From construction manager Mace's point of view the challenges presented by the Great Court project were several orders of magnitude greater than the typical city centre site, even in London.
Access and storage, public safety, noise and nuisance - not necessarily in that order - dominate the planning for such projects, and the Great Court was no different, just more challenging.
All demolition and construction was to take place in a tight area bounded by Grade 1 listed buildings of doubtful durability. Access was extremely limited and restricted to small vehicles.
The only storage area was the eastern section of the forecourt. And, while it was never an absolute precondition, everyone involved was hoping to keep the Museum fully open to the public throughout the entire contract.
Mace project manager Carl Wright says that the 15 month pre-construction period was key to the success of the project. 'Apart from giving us the time to develop the design fully and get the programming right, it meant we could liase with the Museum staff over all the interfaces with the Museum proper and our intrusions into it.
'We found that with some subtle rerouting of the circulation patterns and precautions against noise and dust there would be no need to close the Museum to the public at all.'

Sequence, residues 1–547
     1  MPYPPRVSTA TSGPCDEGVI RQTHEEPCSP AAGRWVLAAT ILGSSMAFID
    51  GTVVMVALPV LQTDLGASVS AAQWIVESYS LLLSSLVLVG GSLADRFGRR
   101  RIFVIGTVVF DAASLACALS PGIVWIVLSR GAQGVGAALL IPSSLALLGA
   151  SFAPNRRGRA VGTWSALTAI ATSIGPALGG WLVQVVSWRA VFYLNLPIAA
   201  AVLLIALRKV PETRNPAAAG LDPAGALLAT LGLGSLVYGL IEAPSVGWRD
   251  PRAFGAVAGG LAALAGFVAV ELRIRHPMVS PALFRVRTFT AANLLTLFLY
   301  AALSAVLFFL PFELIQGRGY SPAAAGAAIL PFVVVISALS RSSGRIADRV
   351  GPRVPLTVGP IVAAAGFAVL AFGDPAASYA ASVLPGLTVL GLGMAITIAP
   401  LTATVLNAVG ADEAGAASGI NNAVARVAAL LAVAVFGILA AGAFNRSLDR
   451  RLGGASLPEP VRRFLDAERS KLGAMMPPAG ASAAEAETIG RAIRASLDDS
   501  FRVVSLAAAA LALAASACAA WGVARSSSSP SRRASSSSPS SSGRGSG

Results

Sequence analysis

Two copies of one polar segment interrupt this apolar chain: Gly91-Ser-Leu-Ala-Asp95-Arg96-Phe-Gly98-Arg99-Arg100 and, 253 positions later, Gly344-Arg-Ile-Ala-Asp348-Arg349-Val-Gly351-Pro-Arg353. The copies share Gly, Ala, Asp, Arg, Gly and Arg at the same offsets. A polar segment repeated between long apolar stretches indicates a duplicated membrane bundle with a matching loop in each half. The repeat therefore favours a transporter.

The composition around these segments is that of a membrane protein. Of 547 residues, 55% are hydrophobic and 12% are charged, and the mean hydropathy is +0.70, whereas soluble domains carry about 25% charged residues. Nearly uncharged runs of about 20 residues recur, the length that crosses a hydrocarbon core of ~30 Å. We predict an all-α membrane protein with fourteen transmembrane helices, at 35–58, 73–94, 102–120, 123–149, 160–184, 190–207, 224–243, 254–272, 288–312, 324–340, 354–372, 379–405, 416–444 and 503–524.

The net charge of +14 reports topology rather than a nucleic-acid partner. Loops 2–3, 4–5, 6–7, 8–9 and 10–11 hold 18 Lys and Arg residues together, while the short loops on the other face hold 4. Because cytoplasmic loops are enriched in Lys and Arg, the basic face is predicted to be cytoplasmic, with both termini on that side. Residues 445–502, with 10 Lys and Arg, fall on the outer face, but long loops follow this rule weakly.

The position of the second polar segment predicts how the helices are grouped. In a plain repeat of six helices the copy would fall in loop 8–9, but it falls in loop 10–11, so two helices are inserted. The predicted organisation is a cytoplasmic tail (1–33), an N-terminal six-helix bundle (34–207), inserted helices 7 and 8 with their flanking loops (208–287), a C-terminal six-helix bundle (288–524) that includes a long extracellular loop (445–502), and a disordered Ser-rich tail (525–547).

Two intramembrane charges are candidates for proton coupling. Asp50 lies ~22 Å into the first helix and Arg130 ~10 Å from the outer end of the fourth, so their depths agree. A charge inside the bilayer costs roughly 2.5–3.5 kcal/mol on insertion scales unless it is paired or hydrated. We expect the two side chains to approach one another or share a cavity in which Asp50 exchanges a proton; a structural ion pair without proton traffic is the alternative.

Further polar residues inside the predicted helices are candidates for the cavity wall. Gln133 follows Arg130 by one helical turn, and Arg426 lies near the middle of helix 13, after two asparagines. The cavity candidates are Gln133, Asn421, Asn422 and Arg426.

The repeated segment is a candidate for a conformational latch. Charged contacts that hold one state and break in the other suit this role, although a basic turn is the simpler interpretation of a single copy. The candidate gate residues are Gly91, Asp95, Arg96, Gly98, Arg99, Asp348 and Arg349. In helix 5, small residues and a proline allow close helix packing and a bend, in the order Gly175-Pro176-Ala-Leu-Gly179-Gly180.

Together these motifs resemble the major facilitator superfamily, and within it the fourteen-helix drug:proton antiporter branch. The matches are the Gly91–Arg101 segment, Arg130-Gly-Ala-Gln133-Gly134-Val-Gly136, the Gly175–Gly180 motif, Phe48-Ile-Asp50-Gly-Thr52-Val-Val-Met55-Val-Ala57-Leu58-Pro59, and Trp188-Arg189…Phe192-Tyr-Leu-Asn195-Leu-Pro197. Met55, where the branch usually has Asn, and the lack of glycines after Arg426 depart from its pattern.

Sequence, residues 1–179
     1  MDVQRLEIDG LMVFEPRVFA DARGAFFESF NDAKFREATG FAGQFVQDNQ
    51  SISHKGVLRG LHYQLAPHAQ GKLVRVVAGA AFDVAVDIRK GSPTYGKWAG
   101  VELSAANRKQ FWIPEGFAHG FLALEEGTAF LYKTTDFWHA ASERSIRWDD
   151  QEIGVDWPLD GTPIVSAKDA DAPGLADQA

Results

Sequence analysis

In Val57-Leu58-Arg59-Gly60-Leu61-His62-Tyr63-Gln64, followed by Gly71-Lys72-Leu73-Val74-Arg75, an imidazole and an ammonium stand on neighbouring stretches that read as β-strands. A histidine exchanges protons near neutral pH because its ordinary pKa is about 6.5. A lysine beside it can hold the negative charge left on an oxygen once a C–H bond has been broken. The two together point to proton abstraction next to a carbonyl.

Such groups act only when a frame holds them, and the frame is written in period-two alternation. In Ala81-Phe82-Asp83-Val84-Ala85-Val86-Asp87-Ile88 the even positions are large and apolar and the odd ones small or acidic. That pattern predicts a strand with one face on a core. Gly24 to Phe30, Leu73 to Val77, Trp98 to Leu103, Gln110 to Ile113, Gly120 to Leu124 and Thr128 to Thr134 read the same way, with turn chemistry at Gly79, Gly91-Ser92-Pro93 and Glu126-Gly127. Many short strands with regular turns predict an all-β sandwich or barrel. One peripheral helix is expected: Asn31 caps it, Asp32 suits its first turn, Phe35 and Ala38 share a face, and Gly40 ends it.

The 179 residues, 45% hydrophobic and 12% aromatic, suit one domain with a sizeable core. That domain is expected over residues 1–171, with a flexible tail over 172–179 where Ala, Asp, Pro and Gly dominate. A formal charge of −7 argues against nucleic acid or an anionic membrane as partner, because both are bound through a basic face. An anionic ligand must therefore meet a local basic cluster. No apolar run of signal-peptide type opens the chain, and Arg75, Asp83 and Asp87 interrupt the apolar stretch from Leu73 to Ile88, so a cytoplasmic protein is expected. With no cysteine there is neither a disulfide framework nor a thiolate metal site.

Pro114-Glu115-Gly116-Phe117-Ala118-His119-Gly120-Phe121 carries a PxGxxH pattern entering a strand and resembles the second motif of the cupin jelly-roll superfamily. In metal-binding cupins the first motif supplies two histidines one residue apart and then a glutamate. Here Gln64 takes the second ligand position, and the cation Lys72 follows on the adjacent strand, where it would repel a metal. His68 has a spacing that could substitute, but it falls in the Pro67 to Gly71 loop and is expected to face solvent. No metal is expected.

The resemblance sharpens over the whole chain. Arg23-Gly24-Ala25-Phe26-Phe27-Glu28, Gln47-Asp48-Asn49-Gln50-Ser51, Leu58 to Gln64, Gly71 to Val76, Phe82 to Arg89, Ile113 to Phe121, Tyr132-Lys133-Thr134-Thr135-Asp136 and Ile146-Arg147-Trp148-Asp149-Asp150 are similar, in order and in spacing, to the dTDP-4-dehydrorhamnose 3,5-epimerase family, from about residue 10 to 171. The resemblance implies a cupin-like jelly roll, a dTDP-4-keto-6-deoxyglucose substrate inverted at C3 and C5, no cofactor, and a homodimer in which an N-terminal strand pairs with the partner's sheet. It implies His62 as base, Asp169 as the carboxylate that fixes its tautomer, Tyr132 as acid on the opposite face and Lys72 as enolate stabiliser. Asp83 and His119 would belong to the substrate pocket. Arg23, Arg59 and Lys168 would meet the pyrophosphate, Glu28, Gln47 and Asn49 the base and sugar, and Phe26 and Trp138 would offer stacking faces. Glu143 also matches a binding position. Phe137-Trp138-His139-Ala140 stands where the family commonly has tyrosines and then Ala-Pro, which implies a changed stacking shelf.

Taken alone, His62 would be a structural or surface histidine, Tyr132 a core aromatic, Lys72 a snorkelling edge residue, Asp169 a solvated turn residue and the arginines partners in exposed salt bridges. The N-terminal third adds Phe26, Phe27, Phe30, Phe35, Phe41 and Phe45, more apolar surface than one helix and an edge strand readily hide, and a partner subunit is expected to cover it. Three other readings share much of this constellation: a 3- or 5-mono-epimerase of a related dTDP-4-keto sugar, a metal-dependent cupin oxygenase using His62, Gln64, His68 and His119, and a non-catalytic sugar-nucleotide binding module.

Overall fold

Achieving this also depended on a separate 18 month £8.5M programme of pre-construction enabling works, mainly the decanting of some stored items into temporary storage, service diversions, and the setting up of new plant rooms to replace those due to be demolished in the Great Court area.
Considerable effort also went into building relationships with local residents and businesses.
Concerns about extra vehicle movements, noise, dust and disruption were addressed through regular presentations and the production of a quarterly newsletter. Mace also took the opportunity to get to know the many specialist trade contractors who would be involved on the project, and incorporated the feedback into its planning.
By this time the design team's original assumption that no tower craneage would be possible had been quietly abandoned. One of the planners' first formal exercises was an analysis of the logistics and the number and location of cranes needed for maximum efficiency. 'We looked at cranes on the roof, cranes inside the Great Court, cranes on the forecourt and any combination of these.
'The solution which turned out to have the least impact on the construction process and offered the maximum availability was one tower crane on the forecourt and one inside, in the north west corner.'
At 46m high (taller than Nelson's Column) and with a 75m jib, the outer tower crane dominated the local skyline. Its erection in February 1998 marked the real start of construction on the £100m project.